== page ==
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Cost-Effectiveness of Vinorelbine Alone or Vinorelbine Plus Cisplatin for Stage IV NSCLC

Cost-Effectiveness of Vinorelbine Alone or Vinorelbine Plus Cisplatin for Stage IV NSCLC

ABSTRACT: Le Chevalier and colleagues have reported results of a randomized controlled clinical trial comparing vinorelbine alone, versus vinorelbine combined with cisplatin, versus standard treatment consisting of vindesine and cisplatin in the treatment of patients with advanced non-small-cell lung cancer (NSCLC). Data on survival in the three study arms and estimates of the resources used to treat these patients were extracted from the publication and inserted into Statistics Canada’s POpulation HEalth Model (POHEM). This model includes data on diagnostic methods, treatment, and outcomes appropriate for stage at presentation, health care utilization, and direct care costs ($ Canadian) for best supportive care and for several “standard” chemotherapy regimens used to treat advanced NSCLC. POHEM was then used to model the cost of care per patient and the total burden of cost on the Canadian health care system for each of the chemotherapy treatment strategies and for best supportive care. Based on the published survival curves for each of the vinorelbine regimens, it was possible to estimate the survival gain relative to the standard chemotherapy regimens and to best supportive care, and to estimate their cost-effectiveness as cost per life year gained. Based on this analysis, the most cost-effective standard regimen relative to best supportive care was vinblastine/cisplatin, as it increased average survival while reducing costs by $2,846 per case. Vinorelbine/cisplatin increased survival to a greater degree, but inpatient administration costs associated with the delivery of cisplatin increased treatment costs by $2,983 per case and resulted in a cost-effectiveness ratio of $6,386 per life year gained. As high-dose cisplatin is not routinely administered in the inpatient setting in Canadian institutions, estimates were made of the cost of outpatient administration. The cost of outpatient care was $55 less per case demonstrating that this is the most cost-effective way to administer the regimen. Relative to etoposide/cisplatin and vinblastine/cisplatin, outpatient vinorelbine/cisplatin proved to be cost-effective. Various chemotherapy regimens used in the management of advanced NSCLC all fall within the boundaries of cost-effectiveness generally accepted for health care interventions in Canada. Therefore, cost and cost-effectiveness should not be barriers to the utilization of vinorelbine/cisplatin in Canada.[ONCOLOGY(Suppl 4):18-26, 1998]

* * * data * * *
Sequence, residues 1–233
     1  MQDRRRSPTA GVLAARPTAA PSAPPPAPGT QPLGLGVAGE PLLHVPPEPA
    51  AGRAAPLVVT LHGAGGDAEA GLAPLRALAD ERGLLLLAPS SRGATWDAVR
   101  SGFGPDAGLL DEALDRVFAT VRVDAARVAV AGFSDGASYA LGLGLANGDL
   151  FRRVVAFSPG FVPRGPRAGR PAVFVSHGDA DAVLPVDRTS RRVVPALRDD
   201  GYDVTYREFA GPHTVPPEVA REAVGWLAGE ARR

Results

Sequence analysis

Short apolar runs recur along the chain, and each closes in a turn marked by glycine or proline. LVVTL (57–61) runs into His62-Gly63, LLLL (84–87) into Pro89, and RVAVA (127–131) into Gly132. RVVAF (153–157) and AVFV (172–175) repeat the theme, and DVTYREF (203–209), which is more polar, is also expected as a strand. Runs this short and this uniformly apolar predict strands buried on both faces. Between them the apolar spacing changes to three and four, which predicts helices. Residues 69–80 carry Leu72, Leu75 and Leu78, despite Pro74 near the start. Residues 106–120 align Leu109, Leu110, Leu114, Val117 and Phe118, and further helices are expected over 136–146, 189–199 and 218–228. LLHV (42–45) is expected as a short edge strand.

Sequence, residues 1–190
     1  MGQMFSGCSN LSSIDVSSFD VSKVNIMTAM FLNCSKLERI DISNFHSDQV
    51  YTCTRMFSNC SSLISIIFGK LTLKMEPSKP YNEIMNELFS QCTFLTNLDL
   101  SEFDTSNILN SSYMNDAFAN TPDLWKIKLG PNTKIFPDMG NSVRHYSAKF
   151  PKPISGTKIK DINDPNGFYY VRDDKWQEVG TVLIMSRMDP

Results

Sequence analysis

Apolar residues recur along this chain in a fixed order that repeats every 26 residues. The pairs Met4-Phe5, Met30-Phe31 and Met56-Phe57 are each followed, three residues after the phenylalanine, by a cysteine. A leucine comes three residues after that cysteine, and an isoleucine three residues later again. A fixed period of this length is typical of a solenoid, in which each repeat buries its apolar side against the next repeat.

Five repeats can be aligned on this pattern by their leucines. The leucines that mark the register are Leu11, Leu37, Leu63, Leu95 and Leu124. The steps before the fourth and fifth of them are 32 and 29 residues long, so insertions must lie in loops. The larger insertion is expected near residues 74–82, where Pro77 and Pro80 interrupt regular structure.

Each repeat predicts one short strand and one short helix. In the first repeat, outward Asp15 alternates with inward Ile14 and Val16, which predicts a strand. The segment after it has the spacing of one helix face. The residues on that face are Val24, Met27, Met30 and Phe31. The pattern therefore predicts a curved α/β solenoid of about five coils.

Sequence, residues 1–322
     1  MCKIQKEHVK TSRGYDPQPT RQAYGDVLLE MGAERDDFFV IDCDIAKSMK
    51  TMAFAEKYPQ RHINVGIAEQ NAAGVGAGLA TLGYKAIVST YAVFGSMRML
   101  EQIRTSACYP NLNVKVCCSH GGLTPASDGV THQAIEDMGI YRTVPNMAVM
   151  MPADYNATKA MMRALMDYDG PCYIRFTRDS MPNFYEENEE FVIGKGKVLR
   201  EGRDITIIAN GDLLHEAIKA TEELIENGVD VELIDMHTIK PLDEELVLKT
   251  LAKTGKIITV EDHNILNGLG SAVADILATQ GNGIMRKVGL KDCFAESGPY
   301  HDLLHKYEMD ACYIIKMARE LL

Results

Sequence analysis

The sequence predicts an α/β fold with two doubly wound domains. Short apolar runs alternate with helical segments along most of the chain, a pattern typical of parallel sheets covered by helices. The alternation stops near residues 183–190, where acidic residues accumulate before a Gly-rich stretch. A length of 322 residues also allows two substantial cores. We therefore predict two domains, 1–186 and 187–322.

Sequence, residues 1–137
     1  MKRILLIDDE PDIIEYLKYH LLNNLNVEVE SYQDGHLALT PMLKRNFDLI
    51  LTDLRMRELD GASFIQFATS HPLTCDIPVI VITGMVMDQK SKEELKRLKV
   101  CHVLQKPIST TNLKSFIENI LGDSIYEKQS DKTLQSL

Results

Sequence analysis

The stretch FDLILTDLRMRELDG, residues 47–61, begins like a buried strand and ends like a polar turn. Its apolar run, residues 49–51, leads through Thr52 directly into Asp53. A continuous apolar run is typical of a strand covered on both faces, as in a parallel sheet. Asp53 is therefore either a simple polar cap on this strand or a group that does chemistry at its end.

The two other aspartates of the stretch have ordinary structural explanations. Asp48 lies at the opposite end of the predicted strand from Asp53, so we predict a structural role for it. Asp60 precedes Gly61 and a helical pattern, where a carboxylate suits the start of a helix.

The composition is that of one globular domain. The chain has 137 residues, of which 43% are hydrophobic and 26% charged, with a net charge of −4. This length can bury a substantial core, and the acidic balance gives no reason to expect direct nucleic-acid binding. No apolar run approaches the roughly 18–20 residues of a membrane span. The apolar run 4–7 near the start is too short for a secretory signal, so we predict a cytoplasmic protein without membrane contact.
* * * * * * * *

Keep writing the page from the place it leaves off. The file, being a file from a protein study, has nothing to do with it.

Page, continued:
In 1996, the Health Protection Branch of Health, Canada, approved the use of vinorelbine (Navelbine, NVB) for the treatment of advanced non-small-cell lung cancer (NSCLC). Among the data that led to this approval was a large European clinical trial that demonstrated that treatment with vinorelbine (Navelbine) in combination with cisplatin (Platinol) (NVB-P) resulted in a higher response rate and longer survival than vindesine plus cisplatin (VDS-P) (P = .04), or vinorelbine (NVB) alone (P = .01).[1] The Ontario Practice Guideline Initiative Lung Disease Site Group (LDSG) reviewed the evidence on the efficacy of vinorelbine alone and in combination with cisplatin and concluded that this new semisynthetic vinca alkaloid was active against NSCLC and, in combination with cisplatin, was superior to standard chemotherapy (VDS-P).[2] Inferentially, it could also be concluded that NVB-P is superior to best supportive care (BSC), as VDS-P was superior to BSC in a National Cancer Institute of Canada (NCIC) randomized controlled clinical trial.[3] The practice guideline developed by the LDSG recommended that vinorelbine/cisplatin be offered to medically appropriate patients with advanced NSCLC after a full discussion with the patient of the potential harms and benefits of treatment. However, all new anticancer drugs are relatively expensive, and there were concerns that this new agent would significantly increase the costs of care of patients with incurable NSCLC. It was, therefore, felt that it would be useful to estimate the total burden of cost of vinorelbine assuming that all metastatic NSCLC patients in Canada were treated. Furthermore, it was felt that information on the relative cost-effectiveness of vinorelbine-based chemotherapy compared to other treatment options would be useful to clinicians who have to make decisions about which patients to treat and which chemotherapy agents to use.